Other notes are made which have since gained popularity, the oddities in China and Egypt. The Egyptian electrical batteries are discussed. It is an interesting exercise, I think, in that many of the facets of archaeology Wieland interprets have become backdrops in alternative, or “conspiracy” culture. As I have noted, at the time, there was a glut of sensational information that required rationalisation. White Gods for the Aztecs. Batteries in Egypt. Similarities between European mounds and American ones. And indeed, one might note that even more discoveries have been quietly ignored in the years following 1924 – such as the mysterious White mummies as far abroad as Tocharia and Kennewick, the Runestones and cairns and obelisks in places they don’t belong.


It is a book worth reading, if alternative history interests you. Though I give a fair warning, the train of thought while to hard to follow, tends to at times repeat itself and may bore readers unacquainted with the subject material. Others may be put off by the exceptionally fanciful conclusions Wieland makes. But it is worth reminding oneself that Wieland had political aims beyond the mere scope of his book. His ultimate aim was to inspire a worldwide pan-Aryan cooperative which would oppose the Roman-Aztec-Hebrew influence he concludes is poisoning the world. For this to happen, Germanic peoples everywhere needed to understand their lost history – of a unified Aryan confederacy against the machinations of weaponised miscegeny whose ultimate aim is the final replacement and extermination of the Aryan.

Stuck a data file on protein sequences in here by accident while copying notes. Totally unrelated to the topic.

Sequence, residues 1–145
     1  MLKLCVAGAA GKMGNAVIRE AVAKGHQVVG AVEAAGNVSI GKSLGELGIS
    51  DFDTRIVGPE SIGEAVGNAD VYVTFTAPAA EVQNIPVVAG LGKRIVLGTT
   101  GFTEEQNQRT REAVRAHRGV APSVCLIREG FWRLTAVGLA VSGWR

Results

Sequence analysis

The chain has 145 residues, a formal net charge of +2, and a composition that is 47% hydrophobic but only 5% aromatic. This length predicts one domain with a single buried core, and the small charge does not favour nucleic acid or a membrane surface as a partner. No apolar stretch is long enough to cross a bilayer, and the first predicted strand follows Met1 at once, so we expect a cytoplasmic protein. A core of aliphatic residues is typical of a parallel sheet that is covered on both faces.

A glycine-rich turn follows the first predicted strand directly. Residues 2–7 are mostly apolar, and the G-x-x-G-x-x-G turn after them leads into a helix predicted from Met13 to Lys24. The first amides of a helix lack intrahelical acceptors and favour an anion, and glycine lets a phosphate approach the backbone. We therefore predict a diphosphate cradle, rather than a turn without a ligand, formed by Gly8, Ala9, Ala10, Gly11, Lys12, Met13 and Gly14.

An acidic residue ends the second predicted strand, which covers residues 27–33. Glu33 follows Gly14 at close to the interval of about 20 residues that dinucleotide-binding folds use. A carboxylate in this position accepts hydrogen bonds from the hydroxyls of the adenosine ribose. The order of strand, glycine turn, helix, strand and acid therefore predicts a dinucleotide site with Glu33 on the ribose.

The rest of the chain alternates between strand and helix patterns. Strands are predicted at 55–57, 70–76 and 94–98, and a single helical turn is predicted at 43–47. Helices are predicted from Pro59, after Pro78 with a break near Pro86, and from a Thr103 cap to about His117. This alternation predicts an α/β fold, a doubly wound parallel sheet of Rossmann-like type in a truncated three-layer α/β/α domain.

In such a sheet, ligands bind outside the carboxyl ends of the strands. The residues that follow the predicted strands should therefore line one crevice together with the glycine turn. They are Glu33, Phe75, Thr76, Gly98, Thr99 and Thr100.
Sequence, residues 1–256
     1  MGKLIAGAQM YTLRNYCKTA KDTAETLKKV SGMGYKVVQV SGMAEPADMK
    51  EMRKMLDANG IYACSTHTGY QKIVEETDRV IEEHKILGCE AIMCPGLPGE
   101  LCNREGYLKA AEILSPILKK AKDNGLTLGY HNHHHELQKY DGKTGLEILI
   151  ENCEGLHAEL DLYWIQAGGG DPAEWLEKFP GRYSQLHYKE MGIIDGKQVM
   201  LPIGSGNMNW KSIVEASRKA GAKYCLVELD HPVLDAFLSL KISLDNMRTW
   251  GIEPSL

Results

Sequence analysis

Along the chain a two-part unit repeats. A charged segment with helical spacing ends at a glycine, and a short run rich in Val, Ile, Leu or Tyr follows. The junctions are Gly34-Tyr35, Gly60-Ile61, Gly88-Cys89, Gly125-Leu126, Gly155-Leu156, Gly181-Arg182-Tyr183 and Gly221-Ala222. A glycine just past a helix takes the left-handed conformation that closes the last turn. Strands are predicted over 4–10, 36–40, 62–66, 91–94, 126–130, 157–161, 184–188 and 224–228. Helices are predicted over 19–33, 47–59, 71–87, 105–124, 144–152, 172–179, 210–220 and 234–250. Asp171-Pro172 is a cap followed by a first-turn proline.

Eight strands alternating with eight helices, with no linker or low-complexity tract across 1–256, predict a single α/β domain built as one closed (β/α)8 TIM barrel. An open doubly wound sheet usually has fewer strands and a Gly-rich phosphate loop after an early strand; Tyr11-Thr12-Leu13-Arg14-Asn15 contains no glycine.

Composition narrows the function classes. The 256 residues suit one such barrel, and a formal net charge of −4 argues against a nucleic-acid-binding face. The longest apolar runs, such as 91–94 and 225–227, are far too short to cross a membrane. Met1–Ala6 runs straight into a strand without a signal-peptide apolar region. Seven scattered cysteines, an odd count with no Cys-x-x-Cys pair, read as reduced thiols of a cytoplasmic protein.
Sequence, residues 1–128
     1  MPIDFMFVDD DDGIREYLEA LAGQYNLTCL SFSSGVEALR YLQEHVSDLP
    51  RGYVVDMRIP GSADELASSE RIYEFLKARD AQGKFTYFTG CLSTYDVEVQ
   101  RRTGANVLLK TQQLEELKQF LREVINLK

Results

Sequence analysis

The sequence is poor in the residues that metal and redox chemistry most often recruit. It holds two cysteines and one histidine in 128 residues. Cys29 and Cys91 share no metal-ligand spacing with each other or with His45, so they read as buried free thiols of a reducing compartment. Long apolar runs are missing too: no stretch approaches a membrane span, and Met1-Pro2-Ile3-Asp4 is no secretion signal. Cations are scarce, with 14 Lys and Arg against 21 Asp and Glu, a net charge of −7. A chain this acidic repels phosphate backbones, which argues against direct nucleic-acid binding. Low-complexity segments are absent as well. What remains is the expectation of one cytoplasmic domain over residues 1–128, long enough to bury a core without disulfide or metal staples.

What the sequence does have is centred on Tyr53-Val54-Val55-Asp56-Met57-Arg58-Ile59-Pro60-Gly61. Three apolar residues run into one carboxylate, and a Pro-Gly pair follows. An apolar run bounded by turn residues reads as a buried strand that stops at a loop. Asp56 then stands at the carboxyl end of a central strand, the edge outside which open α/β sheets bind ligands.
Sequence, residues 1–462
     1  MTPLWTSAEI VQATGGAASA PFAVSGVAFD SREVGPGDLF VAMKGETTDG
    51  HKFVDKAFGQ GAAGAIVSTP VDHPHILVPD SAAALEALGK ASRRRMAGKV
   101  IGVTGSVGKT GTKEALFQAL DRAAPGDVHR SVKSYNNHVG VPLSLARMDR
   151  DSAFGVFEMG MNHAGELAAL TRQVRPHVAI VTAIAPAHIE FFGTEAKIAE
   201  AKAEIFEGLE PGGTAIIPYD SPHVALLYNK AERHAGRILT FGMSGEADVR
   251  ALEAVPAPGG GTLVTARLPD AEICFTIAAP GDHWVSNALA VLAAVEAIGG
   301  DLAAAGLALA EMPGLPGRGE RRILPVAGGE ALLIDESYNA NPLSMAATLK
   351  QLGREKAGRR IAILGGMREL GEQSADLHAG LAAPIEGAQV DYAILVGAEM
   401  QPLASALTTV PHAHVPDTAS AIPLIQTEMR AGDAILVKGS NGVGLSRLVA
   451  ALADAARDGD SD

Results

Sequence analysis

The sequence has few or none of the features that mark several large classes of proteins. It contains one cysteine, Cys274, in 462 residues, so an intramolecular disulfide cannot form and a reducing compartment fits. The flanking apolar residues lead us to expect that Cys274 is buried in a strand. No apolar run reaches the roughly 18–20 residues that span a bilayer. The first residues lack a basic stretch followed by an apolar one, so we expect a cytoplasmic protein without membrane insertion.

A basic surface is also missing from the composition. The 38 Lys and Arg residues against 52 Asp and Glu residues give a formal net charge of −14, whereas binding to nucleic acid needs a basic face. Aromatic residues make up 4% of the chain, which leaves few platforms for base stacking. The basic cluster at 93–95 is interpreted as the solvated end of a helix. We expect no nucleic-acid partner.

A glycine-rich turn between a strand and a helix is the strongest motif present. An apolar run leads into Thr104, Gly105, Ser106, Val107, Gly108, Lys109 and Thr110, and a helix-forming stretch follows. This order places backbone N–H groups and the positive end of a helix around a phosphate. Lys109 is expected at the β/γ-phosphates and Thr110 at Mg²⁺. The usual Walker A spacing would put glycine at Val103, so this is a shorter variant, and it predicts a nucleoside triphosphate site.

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Editor’s Note: I have kept use of the word Aryan, which I know makes many left and right of centre Reeeeeëē. I could have substituted it with Germanic, or perhaps more acutely Teutonic. Or cleverly hide marginally unchanged history under the modern P.I.E. umbrella. However the word is a valid historical Artefact with internally consistent applications whose use was endemic to the Teutonic world, which as a point in case included the many Sui Generii of Germanic tribes, nations and even colonies. Thus, for a time, the Anglo-Saxons of America and Britain, the Germanics of Europe and Nordics of Scandinavia (among others) were moving toward a potential consensus before the interruption of their science by other political dogmas resulting in the creation of things like the Frankfurt School following the Bad Wars. Ironically, Wieland in his way wanted to avoid just that with his confederation of Aryan tribes. If a desire for unity among like tribes offends you, than you have likely taken lessons from the Frankfurt School. Other than the occasional sweeping gesture, none of the above should be overly offensive. That it can be goes to show how withered our backbones have become as an atomised anti-collective of disjointed amorphous blobs in the melting pot waiting to get digested by Moloch. I said good day sir.